Insufficient Due Diligence in Contract Formation

Due diligence can be construed as an aspect of risk mitigation. You take the time to figure out who you’re entering into an agreement with and whether or not they’re able to handle their contractual obligations.

Going further, you look at the feasibility of the project and other factors related to the contract before you go ahead with any agreement.

Lack of Thorough Vendor Assessment

1. Background Checks and Reputation Management:

Risk: Failing to conduct comprehensive background checks on potential vendors may expose you to partners with questionable ethical practices, legal issues, or a history of contract disputes.

Consequences: Engaging with unreliable vendors can result in subpar service delivery, financial losses, and damage to your reputation.

Make work faster with robust document templates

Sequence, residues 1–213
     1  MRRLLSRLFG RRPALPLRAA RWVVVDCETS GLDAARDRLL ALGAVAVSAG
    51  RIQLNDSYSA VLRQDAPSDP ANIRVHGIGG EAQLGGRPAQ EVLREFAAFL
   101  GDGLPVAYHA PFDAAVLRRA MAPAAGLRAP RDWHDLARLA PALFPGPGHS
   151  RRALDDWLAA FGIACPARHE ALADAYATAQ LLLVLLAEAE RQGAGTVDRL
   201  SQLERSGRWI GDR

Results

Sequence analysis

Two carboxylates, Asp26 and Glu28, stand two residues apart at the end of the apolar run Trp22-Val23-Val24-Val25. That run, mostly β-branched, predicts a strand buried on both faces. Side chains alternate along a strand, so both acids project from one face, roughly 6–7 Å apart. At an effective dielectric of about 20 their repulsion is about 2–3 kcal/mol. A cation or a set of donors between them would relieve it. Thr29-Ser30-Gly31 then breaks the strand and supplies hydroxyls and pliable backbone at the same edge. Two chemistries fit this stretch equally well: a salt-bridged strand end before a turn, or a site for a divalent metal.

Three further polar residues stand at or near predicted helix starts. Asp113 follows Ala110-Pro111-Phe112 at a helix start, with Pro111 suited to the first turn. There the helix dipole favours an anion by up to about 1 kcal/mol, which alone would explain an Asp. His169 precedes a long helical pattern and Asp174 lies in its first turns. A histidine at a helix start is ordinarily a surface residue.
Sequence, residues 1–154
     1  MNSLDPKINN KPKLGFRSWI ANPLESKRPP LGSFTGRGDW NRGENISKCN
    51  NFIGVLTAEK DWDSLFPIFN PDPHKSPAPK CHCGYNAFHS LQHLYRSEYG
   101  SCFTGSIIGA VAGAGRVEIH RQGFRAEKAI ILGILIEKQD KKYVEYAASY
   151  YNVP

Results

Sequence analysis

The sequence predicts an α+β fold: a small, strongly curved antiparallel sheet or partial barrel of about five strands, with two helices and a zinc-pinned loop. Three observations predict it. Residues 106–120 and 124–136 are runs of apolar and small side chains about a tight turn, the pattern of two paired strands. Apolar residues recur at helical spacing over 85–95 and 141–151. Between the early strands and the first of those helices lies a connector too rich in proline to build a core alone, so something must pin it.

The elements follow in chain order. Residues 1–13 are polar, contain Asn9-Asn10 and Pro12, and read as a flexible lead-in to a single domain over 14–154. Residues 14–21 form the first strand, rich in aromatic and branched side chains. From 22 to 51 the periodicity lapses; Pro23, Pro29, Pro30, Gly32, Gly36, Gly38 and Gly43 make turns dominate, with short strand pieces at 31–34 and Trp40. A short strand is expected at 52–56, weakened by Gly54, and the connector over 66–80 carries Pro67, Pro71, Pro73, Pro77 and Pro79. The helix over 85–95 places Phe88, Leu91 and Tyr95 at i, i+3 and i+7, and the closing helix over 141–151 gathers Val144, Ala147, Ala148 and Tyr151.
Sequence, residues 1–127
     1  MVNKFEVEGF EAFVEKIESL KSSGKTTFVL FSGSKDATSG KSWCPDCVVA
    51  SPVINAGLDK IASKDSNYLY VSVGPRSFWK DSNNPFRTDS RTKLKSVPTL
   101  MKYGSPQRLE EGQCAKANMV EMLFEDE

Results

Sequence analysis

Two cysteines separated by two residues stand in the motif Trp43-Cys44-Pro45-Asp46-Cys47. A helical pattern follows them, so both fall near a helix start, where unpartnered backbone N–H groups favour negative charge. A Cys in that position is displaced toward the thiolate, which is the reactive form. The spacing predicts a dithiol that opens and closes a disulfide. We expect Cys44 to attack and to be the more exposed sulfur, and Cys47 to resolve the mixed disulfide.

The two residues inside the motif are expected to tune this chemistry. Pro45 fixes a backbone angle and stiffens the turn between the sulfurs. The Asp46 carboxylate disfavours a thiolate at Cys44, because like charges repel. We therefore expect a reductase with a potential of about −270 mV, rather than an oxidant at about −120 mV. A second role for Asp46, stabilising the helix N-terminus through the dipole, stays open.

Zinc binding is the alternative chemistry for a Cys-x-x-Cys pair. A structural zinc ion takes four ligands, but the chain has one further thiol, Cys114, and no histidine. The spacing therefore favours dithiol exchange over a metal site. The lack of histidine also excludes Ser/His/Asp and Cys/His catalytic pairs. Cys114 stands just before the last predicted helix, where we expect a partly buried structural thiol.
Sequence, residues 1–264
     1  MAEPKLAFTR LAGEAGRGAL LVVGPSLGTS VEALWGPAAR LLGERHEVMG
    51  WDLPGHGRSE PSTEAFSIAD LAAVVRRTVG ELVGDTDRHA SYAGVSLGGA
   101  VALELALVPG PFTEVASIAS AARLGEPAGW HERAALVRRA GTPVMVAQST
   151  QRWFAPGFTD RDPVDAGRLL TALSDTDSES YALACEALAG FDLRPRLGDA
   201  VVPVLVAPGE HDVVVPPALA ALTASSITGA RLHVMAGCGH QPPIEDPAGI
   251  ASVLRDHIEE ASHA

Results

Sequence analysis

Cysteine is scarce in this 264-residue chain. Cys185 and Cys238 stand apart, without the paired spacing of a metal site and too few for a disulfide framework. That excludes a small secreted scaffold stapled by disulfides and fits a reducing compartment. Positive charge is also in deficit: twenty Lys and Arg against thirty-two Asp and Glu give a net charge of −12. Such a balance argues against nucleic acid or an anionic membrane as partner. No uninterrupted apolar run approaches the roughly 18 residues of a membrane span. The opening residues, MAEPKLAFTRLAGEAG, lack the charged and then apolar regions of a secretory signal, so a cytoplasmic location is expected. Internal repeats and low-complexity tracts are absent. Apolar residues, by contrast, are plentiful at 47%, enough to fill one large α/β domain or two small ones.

2. Financial Stability of Contracting Parties:

Risk: Inadequate assessment of the financial stability of contracting parties may lead to partnerships with financially insecure vendors or partners, increasing the risk of non-performance or bankruptcy.

Consequences: Financial instability in contracting parties can disrupt the supply chain, impact project timelines, and result in unforeseen costs or legal complications.

Mitigation Strategies:

Thorough Due Diligence: Conduct comprehensive background checks, including legal, ethical, and reputational assessments, before entering into contracts with vendors.

Financial Analysis: Evaluate the financial stability and performance of potential partners through financial statements, credit reports, and other relevant financial data.